• baleful •
bayl-fêl • Hear it!
Part of Speech: Adjective
Meaning: 1. Miserable, wretched, distressed, suffering. 2. Malicious, injurious, noxious.
Notes: No, today's Good Word has nothing to do with picking or packing cotton; it is derived from a noun that is no longer in use: bale "evil, harm, woe". Bale is the cause of injury and suffering, senses which turn up in baleful. Since bale in this sense is no longer in use, balefulness has replaced it. Balefully works fine as the adverb.
In Play: The second sense of today's word is slipping from our collective grip, so here is a sentence that compares it with the more common meaning: "Rodney came to work a bit baleful (sense 1) this morning after receiving a baleful (sense 2) decision from the IRS last week." Of course, bale is always best detected in the eyes: "Don't look at me with those baleful eyes; you still will not get any ice cream until you clean your room."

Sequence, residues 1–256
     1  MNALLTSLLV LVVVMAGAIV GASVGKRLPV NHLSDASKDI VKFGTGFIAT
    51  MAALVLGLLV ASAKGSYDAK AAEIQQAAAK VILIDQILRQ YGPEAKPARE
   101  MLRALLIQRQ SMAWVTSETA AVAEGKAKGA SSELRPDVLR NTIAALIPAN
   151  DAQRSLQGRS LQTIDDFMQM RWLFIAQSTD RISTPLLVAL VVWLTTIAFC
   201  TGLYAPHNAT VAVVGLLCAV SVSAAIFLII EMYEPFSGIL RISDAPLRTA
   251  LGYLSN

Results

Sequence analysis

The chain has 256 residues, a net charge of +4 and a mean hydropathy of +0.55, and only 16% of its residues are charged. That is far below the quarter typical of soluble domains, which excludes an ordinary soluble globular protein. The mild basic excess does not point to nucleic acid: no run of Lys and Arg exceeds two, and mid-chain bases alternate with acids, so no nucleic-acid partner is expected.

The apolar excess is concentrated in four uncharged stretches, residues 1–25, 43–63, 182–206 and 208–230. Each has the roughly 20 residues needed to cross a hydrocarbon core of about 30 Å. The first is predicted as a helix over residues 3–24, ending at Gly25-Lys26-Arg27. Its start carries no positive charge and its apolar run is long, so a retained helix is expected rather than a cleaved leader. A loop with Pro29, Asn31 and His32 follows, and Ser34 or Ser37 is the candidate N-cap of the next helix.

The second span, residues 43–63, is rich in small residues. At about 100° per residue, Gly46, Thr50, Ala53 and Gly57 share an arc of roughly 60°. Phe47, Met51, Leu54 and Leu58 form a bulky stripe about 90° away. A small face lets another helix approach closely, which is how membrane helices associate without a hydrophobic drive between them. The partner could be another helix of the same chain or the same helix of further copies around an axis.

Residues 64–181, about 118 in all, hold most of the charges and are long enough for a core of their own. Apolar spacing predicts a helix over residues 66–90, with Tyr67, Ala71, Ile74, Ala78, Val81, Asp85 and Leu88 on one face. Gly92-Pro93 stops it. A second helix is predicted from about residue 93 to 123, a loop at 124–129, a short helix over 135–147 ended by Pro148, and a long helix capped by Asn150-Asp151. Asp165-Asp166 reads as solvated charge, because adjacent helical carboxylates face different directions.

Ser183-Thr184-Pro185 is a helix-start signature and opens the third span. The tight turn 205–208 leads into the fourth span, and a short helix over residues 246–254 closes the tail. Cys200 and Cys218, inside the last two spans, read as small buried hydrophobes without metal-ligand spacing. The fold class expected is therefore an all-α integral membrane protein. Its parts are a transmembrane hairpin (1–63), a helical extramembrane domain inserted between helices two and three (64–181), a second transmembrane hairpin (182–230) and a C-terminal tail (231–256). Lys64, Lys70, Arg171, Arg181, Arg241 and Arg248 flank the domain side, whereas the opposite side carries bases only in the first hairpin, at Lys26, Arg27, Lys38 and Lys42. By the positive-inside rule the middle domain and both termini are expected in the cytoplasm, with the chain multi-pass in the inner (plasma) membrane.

Word History: Bale comes from Old English bealu, which seems to have been an offspring of the Proto-Indo-European root bheleu "weak, sick". This root is also responsible for Russian bol' "pain" and bolet' "to be sick, hurt". Some have speculated that the original meaning of this root was "to hit", which would explain the ostensible relationship to blow in the sense of hitting or striking. This is something of a stretch, however, beyond our speculative capacities. (We would be a bit baleful in the second sense above were we not to thank Chris Berry for suggesting today's Good Word. It would probably make him a bit baleful, too—in the first sense.)
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